Tournament Spotlight, The Pattern, The Player and The Price

West Coast Seniors Dec. 10th tournament

Riverside lanes, Laughlin NV.

“The West coast seniors are one of the better events here at the Riverside, you get to showcase a lot of good talent that this area wouldn’t necessarily get to see. It is one of the better clubs in the southwest region” Brian Markowitz. The West Coast Seniors banners overflow this 34 lane house and are strewn not only across the lanes but invading the wall space at its sides as well. Well kept and impressive, they definitely evoke questions about the players; Are they here?, what did they accomplish?, where are they?, as eyes glare to the lettering on the back of embroidered shirts. Surprising was the turnout of spectators, they seem to be coming to events less and less. However we did get to speak with Alex Bosze, which is a local in this area who said, “I enjoy it quite a bit, I like to see how people are throwing, especially the left handers”. Q: do you learn anything by watching? “Ya, I always learn something while watching them shoot, and try to apply it to my own games in league”.

The shot was ‘Middle of the Road’ a Kegel navigation pattern, from their challenge series is aptly named. The key to this pattern lies between the extremes. Playing too far to the right or left will leave you wishing for a house shot. Alan Fredricks says “You’ve gotta make your shots here today, no gimme’s at all”, as far as the lane conditions “they’re scorable if you throw it well, if your not throwing it well, like I said your not gonna get any breaks”. This 39 foot pattern is not too easy and it’s not too tough. The best mind set and line for this pattern is (like its name) somewhere near the middle of the road. When speaking with the Director of bowling operations, Brian Markowitz, he explain that “it takes a day for the lanes to show what the pattern really is. It seems a little flatter on the first day and starts showing what it really is on the second, with scores improving to the 200’s”. Bowlers here are having a hard time picking up their spares. As the ball zooms toward the pins, splits and opens abound. A calculated throw aims towards that lonely single pin, the ball side swipes it with a glancing whisper, just barely enough to topple the pin. The bowler walks off the lane with a sigh, thankful it wasn’t another open. The tournament players names are just as colorful as some of their styles. Rick van der Haar, a lefty that can rip the cover off the ball, uses his height to its full potential and says “playing it up ten seems to work the best for me”. Art Garcia relies on placement and coverstock, “i was playing inside the first couple of games, didn’t have a shot in there, so I switched to a weaker ball and I have a lot better look”. Art was in second place at game #4 when we spoke with him. Art placed 5th over all.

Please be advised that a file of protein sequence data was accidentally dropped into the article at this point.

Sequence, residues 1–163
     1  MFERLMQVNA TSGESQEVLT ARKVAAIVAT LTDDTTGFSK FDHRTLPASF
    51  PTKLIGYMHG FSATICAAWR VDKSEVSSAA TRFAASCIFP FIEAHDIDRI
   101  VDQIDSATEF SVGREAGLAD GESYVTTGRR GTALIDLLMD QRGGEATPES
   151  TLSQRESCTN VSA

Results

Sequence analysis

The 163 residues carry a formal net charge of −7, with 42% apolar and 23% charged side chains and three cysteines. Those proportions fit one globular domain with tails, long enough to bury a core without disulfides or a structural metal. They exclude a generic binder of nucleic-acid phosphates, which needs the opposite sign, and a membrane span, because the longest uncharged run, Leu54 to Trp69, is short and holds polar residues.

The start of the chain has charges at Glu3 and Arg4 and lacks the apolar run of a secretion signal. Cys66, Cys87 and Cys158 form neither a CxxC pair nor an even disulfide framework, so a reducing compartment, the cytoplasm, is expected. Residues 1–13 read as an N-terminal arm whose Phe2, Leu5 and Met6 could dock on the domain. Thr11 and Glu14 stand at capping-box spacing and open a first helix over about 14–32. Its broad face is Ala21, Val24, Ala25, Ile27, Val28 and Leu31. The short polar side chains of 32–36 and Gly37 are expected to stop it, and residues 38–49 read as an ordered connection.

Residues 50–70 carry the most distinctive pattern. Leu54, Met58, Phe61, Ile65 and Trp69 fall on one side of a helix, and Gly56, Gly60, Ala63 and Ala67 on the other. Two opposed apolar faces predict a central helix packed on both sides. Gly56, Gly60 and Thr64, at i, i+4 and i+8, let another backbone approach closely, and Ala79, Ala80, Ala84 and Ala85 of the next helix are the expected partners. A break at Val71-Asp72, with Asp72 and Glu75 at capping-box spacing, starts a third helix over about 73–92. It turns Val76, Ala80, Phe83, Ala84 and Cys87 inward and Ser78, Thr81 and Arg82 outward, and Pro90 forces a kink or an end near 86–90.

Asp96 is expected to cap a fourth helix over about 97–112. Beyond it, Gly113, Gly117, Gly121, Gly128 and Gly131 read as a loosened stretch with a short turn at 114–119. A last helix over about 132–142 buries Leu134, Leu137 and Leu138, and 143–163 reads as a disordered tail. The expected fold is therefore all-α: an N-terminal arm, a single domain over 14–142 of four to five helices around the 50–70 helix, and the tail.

Is the risk worth the reward? We ask that in looking at the prize fund breakdown, wouldn’t it be more advantageous to lower the entry fee and restructure in order to rebuild this tournament club?. An entry fee of $180.00 is a big risk for the winner to pocket $1500. There are tournaments and other clubs, where the entry fee is less than $100.00 dollars, with the same if not higher prize. We here at Positive Access Point applaud Richard Sanders in running such a premier scratch tournament for years, we need these types of tournaments. Yet, in these economic times, we still ask the question, is the lack of entries due to the price?.

Check out the winner list and prize payments on